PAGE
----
Traditionally, preparing students for university meant kitting them out with the right books, a basic selection of home wares and enough recipes to make sure they don't live on beans on toast for the first term.
But once they're packed up and ready to go, many students still face a giant leap between the work they were doing at A-level and the work expected of them at university. No matter how hard they've worked to get their best grades at A-level, they may find themselves ill prepared for higher education, which involves a lot less hand holding and a lot more flying solo.
This is where exam boards can do more to prepare young people for university than simply ensuring that they get the A-level grades they deserve. The Extended Project Qualification (EPQ for short), which is offered by a number of exam boards including AQA, is best thought of as a practice run for A-level students facing the harsh reality of a degree.
And, trust me, they're a lot more exciting than they might sound...
Students have the freedom to work on a project about any topic they like. It's about being self-motivated, creative and curious. Once they have chosen their final idea, they plan, research and develop it to their heart's content.
The end result can be something practical, such as an event, performance or product, or a written report. In the past, students have recreated the Northern Lights in a lab. One student even created and performed a song for 'Wicked' after the student felt the award-winning musical had something missing. Some students have thrown charity balls and fashion shows.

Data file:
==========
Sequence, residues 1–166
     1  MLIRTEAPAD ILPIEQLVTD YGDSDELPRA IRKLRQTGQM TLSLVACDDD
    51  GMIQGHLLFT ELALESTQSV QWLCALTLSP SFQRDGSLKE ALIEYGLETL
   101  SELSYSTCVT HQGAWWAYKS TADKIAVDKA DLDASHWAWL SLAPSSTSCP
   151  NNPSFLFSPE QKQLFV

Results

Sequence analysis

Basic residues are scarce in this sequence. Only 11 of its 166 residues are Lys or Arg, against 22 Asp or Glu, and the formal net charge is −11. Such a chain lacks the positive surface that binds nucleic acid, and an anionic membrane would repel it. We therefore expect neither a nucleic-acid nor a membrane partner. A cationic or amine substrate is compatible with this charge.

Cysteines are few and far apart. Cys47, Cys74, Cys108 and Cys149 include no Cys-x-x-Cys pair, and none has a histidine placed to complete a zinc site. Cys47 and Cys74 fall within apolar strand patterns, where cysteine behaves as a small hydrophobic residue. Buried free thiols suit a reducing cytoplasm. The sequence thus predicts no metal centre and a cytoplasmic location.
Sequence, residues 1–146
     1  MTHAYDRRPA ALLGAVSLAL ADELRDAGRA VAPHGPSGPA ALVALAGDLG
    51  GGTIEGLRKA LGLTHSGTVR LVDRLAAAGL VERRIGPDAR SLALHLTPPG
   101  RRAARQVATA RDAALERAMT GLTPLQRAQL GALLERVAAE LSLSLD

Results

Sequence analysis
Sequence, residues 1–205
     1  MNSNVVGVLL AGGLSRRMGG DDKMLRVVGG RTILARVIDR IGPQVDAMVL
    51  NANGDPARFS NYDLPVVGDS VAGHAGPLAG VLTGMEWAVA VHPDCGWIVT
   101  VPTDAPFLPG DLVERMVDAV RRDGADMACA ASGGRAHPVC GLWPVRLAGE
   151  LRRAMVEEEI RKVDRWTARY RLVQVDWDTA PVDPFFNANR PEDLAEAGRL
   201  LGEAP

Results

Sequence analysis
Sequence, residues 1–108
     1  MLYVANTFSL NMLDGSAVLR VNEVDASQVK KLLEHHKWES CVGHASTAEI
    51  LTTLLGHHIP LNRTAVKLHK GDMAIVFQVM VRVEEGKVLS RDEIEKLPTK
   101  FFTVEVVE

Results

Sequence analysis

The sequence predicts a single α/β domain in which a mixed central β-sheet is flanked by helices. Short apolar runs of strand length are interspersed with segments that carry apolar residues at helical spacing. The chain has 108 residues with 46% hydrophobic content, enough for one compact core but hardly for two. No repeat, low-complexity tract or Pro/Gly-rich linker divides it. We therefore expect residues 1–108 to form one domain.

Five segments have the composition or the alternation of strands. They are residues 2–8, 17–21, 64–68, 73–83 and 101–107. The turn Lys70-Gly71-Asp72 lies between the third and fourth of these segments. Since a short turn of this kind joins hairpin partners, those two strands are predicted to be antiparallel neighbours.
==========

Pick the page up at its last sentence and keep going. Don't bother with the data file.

In doing this, students get to practice the research and independent learning which will be expected of them by their lecturers.
We know that one of the reasons students enjoy the EPQ so much is that it allows them to explore a topic that they are passionate about in greater depth and detail. After all, that's what a degree is about; taking a topic that you're passionate about, or interested in pursuing as a career, to the next level.
Over 300,000 students a year are choosing to do an EPQ - and there is strong evidence to show that those students settle better into undergraduate study.
Not only does the EPQ help students get ready for university, it can also help them get into university. Let's do the maths: an EPQ currently gives up to 70 UCAS points which is equivalent to a whole AS-level plus 10 points. In 2016, an EPQ is going to be worth even more when compared to an AS-level.
Top universities such as Southampton and Leeds are giving EPQs the recognition they deserve. The University of Southampton rewards students taking the EPQ by making an alternative offer alongside the traditional offer for some subjects.
The University of Leeds "welcomes the ability to work and think independently and the tenacity that students with the EPQ bring to the institution." In fact, their School of Fine Art now includes EPQs in their offers to applicants.
The case for the EPQ being more widely recognised is strong: universities like them and schools that offer them can be safe in the knowledge that they've done everything to prepare their students for university life. Most importantly, students enjoy them.
Not only do they count towards the points needed to get into universities, but they also prepare students for their degrees. It's a studious way to kill two birds with one stone - and one that I hope more and more schools will embrace, and universities will reward.